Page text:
This post is part of our Non Sequitur Fridays series, which will feature a different Wistia team member's take on a non-Wistia-related topic each week. It's like our "employee of the month" but less "of the month"-y. Jeff Vincent is Director of Customer Happiness at Wistia.
There was a time, not too long ago, when I worked in a cubicle farm. It involved a lot of paper-pushing, signatures, and micro-managing third party services.
I was terrible at it. I spent a lot of my time reading, watching funny videos, chatting with college friends. Despite projects running dangerously close to behind schedule, I never felt a sense of urgency. Instead, I spent my time procrastinating.
I've always been somewhat disappointed in myself because I failed so badly in that role. There is no doubt in my mind that my procrastination was the problem, but I just couldn't shake it.
The absolute worst source of procrastination for me was not knowing what the heck I was supposed to do next. I'd spend hours avoiding the task at hand when I didn't know where to start.
That paralysis would spread to other tasks, things I was very familiar with. I'd gotten used to the idea of being helpless, and fell into a lack of confidence trap. I'd end up in the grocery store, staring at potato chips, unable to make a choice (true story).
Ask for Help
To fix this one, I had to force myself to face my fear of asking others for help. When I don't know the answer to a question, I know which steps to take to determine if I can figure it out for myself, or whether I need to ask for help. Conquering that fear, and doing things I never thought possible thanks to things I learned from others, has made me more confident and ready to tackle any task.
Document Like Crazy
I also document things like crazy. I document lessons learned, articles read, and the steps needed to take on tasks. I created a support bible, the "The Moreau Doctrine", that contains snippets of information and technical facts to help tackle a myriad of questions. When new support folks start at Wistia, they are given this tome that represents all my knowledge. No one is stuck on a question and doesn't know where to go for help. Avoiding that frustration leads to more productive days for everyone.
Before graduating college, I spent two years on-and-off running a small restaurant's kitchen. We ran a restaurant and a banquet hall out of the same tiny kitchen. As a teenager, I was probably pretty cheap labor for them, but I also ran a tight ship.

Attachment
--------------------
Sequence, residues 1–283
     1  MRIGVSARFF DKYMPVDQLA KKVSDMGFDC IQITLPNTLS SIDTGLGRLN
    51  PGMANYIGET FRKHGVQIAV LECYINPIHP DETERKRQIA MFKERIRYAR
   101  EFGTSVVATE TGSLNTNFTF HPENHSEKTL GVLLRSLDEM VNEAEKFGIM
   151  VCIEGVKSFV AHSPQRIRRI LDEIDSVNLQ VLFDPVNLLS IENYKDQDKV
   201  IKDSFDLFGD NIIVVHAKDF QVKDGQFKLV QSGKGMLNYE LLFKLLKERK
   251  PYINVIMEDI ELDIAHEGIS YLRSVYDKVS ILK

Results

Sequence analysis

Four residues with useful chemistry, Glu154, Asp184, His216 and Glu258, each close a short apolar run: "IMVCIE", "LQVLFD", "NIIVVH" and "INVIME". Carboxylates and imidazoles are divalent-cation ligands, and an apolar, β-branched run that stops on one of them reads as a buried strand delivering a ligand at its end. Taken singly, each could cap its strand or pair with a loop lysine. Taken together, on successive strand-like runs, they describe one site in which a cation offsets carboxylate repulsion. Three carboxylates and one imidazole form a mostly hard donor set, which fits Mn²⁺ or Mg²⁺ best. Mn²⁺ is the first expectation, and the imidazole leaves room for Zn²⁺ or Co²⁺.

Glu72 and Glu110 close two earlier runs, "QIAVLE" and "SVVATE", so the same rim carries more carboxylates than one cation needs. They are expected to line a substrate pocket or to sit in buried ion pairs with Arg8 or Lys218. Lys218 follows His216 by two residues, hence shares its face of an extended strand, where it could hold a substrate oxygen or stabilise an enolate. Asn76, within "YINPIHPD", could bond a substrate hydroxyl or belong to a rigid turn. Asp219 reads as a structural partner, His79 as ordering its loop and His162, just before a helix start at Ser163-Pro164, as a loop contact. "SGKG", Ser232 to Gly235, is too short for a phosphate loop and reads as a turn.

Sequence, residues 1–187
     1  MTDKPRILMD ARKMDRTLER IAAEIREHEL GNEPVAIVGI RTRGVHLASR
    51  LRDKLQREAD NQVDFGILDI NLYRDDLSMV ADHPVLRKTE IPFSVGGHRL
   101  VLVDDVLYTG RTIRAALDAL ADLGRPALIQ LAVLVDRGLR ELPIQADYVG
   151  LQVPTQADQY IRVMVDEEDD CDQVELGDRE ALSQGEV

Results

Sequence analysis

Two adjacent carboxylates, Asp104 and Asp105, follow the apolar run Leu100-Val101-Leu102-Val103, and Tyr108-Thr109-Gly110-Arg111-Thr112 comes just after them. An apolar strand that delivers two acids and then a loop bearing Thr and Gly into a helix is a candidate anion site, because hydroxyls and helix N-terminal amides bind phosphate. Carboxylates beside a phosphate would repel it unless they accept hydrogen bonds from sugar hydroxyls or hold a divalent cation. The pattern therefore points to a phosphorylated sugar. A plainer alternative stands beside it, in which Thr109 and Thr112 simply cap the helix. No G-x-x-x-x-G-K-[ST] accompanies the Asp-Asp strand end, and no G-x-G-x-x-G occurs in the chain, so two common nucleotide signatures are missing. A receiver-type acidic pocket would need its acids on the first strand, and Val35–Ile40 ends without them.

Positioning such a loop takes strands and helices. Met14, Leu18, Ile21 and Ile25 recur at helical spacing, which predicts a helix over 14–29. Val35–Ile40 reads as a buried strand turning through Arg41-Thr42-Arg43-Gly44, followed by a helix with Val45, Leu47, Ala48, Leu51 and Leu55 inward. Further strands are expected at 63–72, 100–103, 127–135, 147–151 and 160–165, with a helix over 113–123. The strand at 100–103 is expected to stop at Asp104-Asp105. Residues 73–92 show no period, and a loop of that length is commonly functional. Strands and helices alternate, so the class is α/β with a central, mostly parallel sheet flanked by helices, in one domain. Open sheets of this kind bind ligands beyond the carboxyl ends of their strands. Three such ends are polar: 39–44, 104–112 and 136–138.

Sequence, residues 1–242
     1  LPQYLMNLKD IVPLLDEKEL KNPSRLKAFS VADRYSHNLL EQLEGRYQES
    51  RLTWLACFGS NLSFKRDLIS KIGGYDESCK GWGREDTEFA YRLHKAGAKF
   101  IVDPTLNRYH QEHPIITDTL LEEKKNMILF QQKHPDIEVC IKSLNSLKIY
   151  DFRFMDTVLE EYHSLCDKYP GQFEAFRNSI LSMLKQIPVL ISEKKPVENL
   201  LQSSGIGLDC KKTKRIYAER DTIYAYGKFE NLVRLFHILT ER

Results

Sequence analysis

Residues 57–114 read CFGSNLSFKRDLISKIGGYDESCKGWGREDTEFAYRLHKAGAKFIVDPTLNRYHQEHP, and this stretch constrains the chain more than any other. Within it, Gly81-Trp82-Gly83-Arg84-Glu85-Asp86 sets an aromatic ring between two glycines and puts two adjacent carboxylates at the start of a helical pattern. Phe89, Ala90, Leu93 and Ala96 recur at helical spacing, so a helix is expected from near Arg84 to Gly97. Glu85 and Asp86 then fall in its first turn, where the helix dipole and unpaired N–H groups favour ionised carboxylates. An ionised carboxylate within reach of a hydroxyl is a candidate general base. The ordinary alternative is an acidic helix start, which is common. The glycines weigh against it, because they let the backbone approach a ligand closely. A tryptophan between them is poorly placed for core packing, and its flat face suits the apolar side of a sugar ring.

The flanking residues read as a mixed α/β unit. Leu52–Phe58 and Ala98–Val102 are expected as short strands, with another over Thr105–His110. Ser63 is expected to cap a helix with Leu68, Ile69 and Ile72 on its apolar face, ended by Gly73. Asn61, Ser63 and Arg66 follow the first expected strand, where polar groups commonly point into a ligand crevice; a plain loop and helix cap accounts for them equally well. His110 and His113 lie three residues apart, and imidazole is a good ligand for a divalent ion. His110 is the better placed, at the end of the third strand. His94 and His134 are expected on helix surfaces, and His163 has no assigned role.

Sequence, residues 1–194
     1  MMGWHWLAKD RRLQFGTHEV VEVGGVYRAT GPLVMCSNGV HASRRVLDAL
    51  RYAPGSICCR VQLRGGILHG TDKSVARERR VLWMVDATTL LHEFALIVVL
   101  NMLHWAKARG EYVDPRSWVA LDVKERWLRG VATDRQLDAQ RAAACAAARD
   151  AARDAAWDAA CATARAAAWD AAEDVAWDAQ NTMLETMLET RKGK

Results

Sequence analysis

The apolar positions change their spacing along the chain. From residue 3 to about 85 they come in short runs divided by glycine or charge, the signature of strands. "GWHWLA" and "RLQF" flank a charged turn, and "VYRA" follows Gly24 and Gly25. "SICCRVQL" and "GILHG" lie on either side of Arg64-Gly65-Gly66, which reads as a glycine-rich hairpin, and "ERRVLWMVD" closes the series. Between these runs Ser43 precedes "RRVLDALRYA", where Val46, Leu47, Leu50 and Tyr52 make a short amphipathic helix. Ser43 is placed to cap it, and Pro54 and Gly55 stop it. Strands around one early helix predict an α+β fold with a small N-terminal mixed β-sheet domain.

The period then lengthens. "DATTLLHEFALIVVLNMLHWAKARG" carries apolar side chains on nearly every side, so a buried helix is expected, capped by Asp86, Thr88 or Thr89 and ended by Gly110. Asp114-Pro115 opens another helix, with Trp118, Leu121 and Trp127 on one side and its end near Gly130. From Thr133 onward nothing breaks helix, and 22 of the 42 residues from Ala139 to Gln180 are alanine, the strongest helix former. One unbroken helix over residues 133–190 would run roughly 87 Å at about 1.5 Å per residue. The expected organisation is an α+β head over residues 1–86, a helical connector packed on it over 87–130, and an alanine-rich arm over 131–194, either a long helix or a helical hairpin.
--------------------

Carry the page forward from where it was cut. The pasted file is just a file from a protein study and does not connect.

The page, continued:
These were 12- to 14-hour days fueled by coffee and an endless stream of work. Other cooks would call in sick constantly, or just up and quit for extended periods of time. I learned a lot about culture from that experience.
I quickly learned the value of to-do lists - you don't want to forget to take out the turkey before a Thanksgiving dinner for 200 (although microwaving a turkey in an emergency is easier than you'd think, but that's a different story).
Understand Why It's Important
To-do lists are great, but they aren't the silver bullet for my productivity (or anyone else's for that matter). In my case, understanding why something was important and needed to be done was the rocket fuel I needed.
Donnie, my mentor at the time, always did a good job of communicating how he wanted something done and why it should be done that way. Instead of just blindly assigning tasks, he would explain how it fit into the larger picture. Believe me, when you're taking the scales off fish, or dicing buckets of broccoli (that's a technical measurement) the only way to remain focused is to understand why it is valuable.
These days, I continue this practice with everyone I work with. Assigning tasks to someone is useless without explaining the full context and being open to their input. You don't need a song-and-dance to get the right people excited about work, just give them a sense of how they contribute to the whole and why they are valuable. They'll be off to the races.
One of my favorite cures for procrastination is to just do. Sometimes, we spend too much time planning or worrying about the tasks ahead, and not enough time just doing. When I'm falling into that trap, I find myself thinking that messing up the first step would be disastrous.
In reality, you just have to get started. Break that first step into such tiny pieces that it's easy to get started and build momentum. When you make mistakes (and you will) you'll find correcting them much easier than trying to plan for them.
Just take one tiny step on that daunting project you are facing, right now. Before long, you'll be able to look back and see all the amazing things you've gotten done. Get going!